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Catharine Parr Traill
Catharine Parr Traill, Canadian settler and author
Catharine Parr Traill, Canadian settler and author
Born (1802-01-09)9 January 1802
Southwark, England
Died 29 August 1899(1899-08-29) (aged 97)
Lakefield, Ontario, Canada
Occupation Author, naturalist
Genre Children's and Settler Literature

Catharine Parr Traill (born Strickland; 9 January 1802 – 29 August 1899) was an English-Canadian author and naturalist who wrote about life in Canada, particularly what is now Ontario (then the colony of Upper Canada). In the 1830s, Canada covered an area considerably smaller than today. At the time, most of Upper Canada had not been explored by European settlers.

Throughout her long life, Traill wrote to generate income in support of her family. She wrote 24 books covering topics ranging from her life as a settler in Ontario to natural history, especially botany. Traill is considered a pioneer of Canada's natural history. Through her writing, she related the colonial experience and described the natural environment of Upper Canada for English readers.

Traill is considered an amateur botanist, because at the time, it was not possible for women to hold professional, paid positions.

Early years

Mrs Catherine Parr Traill by Topley
Mrs Catharine Parr Traill by William James Topley

Catharine Parr Strickland was born in the district of Rotherhithe in Southwark (then in Surrey, today part of Greater London) in 1802, fifth daughter of Thomas Strickland and Elizabeth Homer. She grew up in East Anglia, first near Bungay, and later Southwold and was educated at home. After Thomas Strickland died in 1818, Catharine and her sisters turned to writing and editorial work as the main source of family income.

Career

Sister to fellow authors Agnes Strickland, Jane Margaret Strickland, Susanna Moodie, and Elisabeth Strickland, Traill was the first of her siblings to commence writing. She began writing children's books in 1818 after the death of her father. Traill's first book The tell tale: an original collection of moral and amusing stories appeared anonymously in 1818; she was only 16. Her early works, such as Disobedience, or Mind What Mama Says (1819) and "Happy Because Good", were written for children, and often dwell on the benefits of obedience to one's parents. A prolific author, until her marriage she averaged one book per year. In 1832, she married Lieutenant Thomas Traill, a retired officer of the Napoleonic Wars and a friend of her sister's husband, John Moodie, despite objections from her family (aside from Susanna). Soon after their marriage, they left for Upper Canada, settling near Peterborough, where her brother Samuel was a surveyor. Her sister, Mrs. Susanna Moodie, emigrated soon afterwards.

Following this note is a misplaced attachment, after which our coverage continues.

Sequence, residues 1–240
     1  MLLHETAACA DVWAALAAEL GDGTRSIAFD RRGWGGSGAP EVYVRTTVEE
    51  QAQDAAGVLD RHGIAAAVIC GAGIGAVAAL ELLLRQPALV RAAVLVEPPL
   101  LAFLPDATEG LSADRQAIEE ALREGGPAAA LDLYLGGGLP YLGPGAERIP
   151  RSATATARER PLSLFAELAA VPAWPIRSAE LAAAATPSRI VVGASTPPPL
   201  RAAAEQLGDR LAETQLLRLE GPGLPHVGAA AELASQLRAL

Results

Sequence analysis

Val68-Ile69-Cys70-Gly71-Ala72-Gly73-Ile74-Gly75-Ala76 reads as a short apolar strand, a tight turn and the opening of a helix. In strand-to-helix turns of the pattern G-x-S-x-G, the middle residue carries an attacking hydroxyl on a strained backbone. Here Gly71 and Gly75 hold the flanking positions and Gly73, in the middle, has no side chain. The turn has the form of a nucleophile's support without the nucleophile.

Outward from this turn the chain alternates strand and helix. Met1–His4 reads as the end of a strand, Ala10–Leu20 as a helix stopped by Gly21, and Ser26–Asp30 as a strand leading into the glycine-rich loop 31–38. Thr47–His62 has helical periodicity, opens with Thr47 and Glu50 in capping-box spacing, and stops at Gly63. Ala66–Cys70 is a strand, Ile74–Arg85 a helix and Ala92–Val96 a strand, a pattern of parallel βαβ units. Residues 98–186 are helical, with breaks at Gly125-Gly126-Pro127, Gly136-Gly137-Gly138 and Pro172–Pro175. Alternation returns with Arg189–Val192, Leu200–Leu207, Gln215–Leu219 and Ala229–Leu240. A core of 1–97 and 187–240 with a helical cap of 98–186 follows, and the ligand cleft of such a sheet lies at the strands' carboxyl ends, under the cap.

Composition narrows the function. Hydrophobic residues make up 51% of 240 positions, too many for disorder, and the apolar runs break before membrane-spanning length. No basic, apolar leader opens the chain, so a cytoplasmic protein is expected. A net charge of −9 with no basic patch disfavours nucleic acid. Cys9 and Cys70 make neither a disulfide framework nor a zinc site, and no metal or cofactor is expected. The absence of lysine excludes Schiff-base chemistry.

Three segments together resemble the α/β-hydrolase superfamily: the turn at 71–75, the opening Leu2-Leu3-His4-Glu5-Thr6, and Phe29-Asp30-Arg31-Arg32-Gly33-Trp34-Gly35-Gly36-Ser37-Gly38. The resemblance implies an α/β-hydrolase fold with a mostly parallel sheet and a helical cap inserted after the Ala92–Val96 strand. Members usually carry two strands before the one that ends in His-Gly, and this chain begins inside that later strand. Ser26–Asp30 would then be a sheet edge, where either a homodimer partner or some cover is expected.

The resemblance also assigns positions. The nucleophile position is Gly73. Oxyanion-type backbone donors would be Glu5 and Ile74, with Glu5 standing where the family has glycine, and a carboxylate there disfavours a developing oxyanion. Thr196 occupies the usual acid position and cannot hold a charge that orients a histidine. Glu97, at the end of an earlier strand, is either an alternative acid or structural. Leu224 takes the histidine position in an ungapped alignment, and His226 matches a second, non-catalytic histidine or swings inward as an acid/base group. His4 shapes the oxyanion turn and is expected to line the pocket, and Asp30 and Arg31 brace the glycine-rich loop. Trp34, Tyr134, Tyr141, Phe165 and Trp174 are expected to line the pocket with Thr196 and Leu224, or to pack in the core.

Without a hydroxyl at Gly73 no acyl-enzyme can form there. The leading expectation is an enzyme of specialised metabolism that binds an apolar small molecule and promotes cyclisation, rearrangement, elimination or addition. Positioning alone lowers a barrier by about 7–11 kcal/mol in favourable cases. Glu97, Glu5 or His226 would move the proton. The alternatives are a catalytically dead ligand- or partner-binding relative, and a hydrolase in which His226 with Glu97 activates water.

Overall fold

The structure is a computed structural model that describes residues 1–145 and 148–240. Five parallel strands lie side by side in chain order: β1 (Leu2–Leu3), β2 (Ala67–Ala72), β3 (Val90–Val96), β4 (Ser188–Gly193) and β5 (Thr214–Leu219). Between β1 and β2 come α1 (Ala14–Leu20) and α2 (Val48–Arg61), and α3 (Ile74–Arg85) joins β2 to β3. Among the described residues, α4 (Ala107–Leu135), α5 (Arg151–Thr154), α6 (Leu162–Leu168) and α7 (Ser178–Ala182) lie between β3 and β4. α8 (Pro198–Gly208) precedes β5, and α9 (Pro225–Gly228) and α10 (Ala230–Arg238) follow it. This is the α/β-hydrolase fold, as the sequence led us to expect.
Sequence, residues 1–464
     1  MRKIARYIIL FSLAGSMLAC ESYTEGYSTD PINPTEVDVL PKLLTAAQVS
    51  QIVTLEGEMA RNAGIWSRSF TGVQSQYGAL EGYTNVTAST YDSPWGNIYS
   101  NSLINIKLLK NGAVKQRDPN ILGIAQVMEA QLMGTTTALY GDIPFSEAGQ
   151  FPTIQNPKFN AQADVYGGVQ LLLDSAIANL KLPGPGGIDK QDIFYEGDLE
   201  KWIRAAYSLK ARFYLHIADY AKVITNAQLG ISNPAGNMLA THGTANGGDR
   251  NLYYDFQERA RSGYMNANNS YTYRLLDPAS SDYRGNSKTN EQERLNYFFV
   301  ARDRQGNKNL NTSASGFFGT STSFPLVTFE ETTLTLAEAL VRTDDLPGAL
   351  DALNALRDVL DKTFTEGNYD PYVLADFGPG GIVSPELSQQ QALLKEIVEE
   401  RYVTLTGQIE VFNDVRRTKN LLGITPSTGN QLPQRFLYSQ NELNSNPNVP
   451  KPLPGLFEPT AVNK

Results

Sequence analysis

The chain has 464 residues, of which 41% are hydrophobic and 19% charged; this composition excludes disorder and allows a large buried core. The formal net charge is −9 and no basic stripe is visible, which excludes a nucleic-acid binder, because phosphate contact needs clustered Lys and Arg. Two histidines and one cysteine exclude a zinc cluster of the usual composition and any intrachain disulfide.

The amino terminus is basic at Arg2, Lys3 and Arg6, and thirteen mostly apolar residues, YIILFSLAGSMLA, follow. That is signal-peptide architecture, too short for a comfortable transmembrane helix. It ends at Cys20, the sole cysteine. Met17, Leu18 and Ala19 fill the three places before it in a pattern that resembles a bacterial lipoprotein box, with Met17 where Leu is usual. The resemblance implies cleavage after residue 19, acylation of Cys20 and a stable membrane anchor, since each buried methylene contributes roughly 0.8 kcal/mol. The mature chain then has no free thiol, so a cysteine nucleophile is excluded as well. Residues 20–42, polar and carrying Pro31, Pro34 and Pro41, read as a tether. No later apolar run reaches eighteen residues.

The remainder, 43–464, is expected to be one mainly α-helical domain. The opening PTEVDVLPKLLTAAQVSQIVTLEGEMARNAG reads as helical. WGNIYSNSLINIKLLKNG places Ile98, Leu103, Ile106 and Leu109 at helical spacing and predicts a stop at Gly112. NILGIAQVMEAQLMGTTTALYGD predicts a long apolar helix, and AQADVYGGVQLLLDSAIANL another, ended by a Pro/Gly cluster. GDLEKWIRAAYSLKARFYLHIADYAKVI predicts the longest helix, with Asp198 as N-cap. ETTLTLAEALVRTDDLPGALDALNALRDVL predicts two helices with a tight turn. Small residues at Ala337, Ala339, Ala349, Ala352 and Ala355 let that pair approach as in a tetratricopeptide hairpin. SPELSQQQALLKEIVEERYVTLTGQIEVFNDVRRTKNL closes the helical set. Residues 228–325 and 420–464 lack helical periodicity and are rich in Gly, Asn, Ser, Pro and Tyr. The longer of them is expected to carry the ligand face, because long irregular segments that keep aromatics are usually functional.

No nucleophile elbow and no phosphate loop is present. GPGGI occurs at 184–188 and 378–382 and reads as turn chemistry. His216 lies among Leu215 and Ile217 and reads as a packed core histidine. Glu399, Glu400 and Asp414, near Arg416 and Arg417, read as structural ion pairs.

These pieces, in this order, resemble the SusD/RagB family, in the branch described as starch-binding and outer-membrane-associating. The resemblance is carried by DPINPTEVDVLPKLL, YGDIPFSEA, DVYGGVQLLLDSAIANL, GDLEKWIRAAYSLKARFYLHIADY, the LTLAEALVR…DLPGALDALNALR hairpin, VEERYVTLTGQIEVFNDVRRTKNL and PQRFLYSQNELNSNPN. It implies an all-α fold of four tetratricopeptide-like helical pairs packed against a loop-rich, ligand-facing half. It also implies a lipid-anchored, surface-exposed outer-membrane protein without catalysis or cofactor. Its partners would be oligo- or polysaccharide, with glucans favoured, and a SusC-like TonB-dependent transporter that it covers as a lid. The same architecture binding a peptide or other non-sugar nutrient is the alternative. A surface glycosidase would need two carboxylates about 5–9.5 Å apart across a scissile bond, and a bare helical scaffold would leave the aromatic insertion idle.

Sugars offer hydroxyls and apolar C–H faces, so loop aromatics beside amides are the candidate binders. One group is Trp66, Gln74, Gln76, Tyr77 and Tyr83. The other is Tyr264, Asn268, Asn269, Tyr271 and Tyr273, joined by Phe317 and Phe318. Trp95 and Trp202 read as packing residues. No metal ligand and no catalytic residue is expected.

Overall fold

She described her new life in letters and journals and collected these into The Backwoods of Canada (1836), which continues to be read as an important source of information about early Canada. She describes everyday life in the community, the relationship between Canadians, Americans, and Indigenous peoples, the climate, and local flora and fauna.

Agnes Chamberlin May-apple
Agnes Chamberlin's watercolour painting for Studies of Plant Life in Canada, by Catherine Parr Traill

More observations were included in a novel, Canadian Crusoes (1851). She also collected information concerning the skills necessary for a new settler, published in The Female Emigrant's Guide (1854), later retitled The Canadian Settler's Guide. She wrote "Pearls and Pebbles" and "Cot and Cradle Stories".

After suffering through the depression of 1836, her husband Thomas joined the militia in 1837 to fight against the Upper Canada Rebellion. In 1840, dissatisfied with life in "the backwoods," the Traills and the Moodies both moved to the city of Belleville. While Susanna was more concerned with the differences between rural and urban life, Catharine spent her years in Belleville writing about the natural environment. She often sketched the plant life of Upper Canada, publishing Canadian Wild Flowers (1865), Studies of Plant Life in Canada (1885) and "Rambles in the Canadian Forest".

She received a grant c. 1899 from the Royal Bounty Fund, which was supplemented by a subscription from her friends in Canada, headed by Sir Sandford Fleming. She died at her residence, "Westove," in Lakefield, Ontario on 28 August 1899.

Her many albums of plant collections are housed in the National Herbarium of Canada at the Canadian Museum of Nature.

Recognition

Trent University, in Peterborough, Ontario, named their downtown campus after her. Catharine Parr Traill College is the University's main college for graduate studies.

Commemorative postage stamp

On 8 September 2003, to commemorate the 50th anniversary of the National Library of Canada, Canada Post released a special commemorative series, "The Writers of Canada", designed by Katalina Kovats and featuring two English-Canadian and two French-Canadian stamps. Three million stamps were issued. Traill and her sister Susanna Moodie were featured on one of the English-Canadian stamps.

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